Because of the wide disparities between projects with little to no major civil works (bridges, tunnels, etc.) and those with them, capital cost was divided into two categories:

• Minimal installation—less than 5% of route length involving heavy civil works

• Substantial installation—5% or more of route length involving heavy civil works

So, once the numbers were crunched, what were the results?

In average cost per mile for the Minimal installation projects studied, BRT did appear to have some advantage:

• LRT—$51.8 million/mile

• BRT—$30.8 million/mile

However, planners should keep in mind that (as we emphasized in our conclusions) total annualized cost is a far better gauge of cost-effectiveness than merely raw capital cost.

However, in terms of Substantial installation projects, BRT was pricier per mile than LRT by more than 5 times:

• LRT — $79.8 million/mile

• BRT — $451.7 million/mile

As we concluded, “These results suggest that BRT projects do not have any particular advantage when very heavy installation (tunnels, elevated structure, etc.) is involved.”

Incidentally, at $25.2 million/mile, the Sprinter DMU light railway (a Substantial installation project) compared favorably in this evaluation.

How well did LRT and BRT final costs compare with budget estimates? LRT again did better, exceeding budget by only 2% on average, while BRT averaged 35% above budget. The Sprinter DMU project, in comparison, exceeded budget by 38%.

In terms of ridership, we measured the rate at which each project was gaining ridership and compared this with the rate needed to achieve the planning forecast. Here again, while BRT averaged quite well (60% over target), LRT was the big over-achiever, exceeding the target ridership rate of increase by 230%. The Sprinter DMU line, unfortunately, was the big loser — coming short of the target by 20%.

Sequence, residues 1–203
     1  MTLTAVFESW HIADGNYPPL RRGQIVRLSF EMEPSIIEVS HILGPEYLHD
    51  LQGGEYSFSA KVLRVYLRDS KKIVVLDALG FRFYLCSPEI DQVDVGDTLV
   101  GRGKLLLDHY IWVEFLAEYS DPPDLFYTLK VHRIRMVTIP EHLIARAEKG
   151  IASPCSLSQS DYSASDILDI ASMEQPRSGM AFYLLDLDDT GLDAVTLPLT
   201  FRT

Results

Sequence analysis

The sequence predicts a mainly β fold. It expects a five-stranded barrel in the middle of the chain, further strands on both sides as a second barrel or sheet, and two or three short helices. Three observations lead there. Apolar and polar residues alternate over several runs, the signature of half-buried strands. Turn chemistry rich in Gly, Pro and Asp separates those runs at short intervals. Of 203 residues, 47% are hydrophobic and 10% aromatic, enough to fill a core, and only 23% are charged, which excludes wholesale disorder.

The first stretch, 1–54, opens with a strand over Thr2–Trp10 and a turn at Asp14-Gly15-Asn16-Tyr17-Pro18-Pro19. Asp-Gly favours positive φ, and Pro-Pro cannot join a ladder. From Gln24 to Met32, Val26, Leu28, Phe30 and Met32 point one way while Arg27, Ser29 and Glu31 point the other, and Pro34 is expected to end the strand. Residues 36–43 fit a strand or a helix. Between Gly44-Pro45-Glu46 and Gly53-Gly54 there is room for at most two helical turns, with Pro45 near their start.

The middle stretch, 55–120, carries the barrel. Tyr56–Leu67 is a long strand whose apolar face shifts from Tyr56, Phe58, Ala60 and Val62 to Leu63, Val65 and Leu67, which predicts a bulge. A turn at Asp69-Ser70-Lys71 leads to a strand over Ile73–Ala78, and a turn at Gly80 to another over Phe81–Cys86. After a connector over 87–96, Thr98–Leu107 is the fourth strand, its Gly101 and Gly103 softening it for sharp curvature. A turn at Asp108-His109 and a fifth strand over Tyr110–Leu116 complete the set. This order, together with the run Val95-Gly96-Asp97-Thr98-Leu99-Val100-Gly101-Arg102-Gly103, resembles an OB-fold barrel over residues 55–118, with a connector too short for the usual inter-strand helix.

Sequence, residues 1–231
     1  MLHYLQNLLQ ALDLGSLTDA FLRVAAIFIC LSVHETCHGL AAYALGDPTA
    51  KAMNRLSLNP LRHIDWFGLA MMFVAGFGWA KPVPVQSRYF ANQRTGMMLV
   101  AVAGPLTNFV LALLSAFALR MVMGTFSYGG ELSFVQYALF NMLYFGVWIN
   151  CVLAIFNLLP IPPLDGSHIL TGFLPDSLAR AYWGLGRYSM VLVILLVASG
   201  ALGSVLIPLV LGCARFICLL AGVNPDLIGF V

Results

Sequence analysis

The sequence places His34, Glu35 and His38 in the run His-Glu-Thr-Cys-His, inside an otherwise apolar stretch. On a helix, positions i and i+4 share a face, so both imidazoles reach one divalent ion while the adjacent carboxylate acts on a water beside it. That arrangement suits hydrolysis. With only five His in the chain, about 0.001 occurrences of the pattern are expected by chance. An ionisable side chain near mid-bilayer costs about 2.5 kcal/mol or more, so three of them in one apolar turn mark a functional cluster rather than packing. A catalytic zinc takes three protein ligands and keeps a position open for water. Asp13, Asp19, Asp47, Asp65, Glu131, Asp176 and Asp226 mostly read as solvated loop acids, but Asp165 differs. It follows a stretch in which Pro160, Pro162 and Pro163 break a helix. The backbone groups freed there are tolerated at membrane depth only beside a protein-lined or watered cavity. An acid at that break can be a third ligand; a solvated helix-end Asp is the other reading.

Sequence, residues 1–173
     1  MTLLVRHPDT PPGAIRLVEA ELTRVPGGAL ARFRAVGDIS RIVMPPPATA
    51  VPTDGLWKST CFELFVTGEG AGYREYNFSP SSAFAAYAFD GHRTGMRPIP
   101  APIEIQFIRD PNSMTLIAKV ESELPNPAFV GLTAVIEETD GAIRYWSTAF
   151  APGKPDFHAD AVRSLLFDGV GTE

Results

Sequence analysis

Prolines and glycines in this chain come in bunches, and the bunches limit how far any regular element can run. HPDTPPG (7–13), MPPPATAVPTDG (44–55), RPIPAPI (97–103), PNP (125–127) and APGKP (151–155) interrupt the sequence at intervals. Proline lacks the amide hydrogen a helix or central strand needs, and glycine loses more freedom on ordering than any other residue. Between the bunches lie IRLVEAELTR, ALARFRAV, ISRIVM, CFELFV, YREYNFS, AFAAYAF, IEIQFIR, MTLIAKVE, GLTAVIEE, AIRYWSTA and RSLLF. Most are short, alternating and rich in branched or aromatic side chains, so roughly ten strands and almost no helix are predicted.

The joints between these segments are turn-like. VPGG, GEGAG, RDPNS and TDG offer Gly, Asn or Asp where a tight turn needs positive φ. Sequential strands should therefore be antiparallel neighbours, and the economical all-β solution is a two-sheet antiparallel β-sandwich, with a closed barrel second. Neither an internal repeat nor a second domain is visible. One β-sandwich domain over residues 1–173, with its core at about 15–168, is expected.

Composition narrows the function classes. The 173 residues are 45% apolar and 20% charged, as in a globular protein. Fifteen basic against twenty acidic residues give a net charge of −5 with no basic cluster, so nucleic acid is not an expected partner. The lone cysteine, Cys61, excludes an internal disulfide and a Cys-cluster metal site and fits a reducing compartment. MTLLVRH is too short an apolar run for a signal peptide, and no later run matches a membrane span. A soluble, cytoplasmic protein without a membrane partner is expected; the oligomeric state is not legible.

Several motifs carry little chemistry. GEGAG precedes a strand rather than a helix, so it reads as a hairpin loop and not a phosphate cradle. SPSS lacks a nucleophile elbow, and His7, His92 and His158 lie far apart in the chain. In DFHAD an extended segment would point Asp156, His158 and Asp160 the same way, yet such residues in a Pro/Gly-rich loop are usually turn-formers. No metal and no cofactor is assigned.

So, what’s the bottom line? Our results tended to rebuff the common myth and misconception that BRT is “just like light rail, but cheaper.” While the Minimal BRT installations studied seemed to have modestly lower capital costs, BRT didn’t seem to have any particular advantage when very heavy installation (tunnels, elevated structure, etc.) was involved. Furthermore, LRT projects on average actually performed much better in terms of staying close to budget.

In terms of ridership, our results suggested that BRT is nowhere even close to LRT, which on average met ridership targets twice as well as the BRT projects.

However, perhaps our biggest finding was the astonishing lack of any consistent, standardized evaluatory procedure for these major public works projects, most of which involve hundreds of millions of dollars in investment. The need for such a standardized evaluation seemed to strike a responsive chord among many participants at the conference.

In my next article, I’ll focus on more details from our study — including more insight into the disparity between the relatively rigorous federal scrutiny of LRT projects vs. the comparatively facile approval of new BRT starts.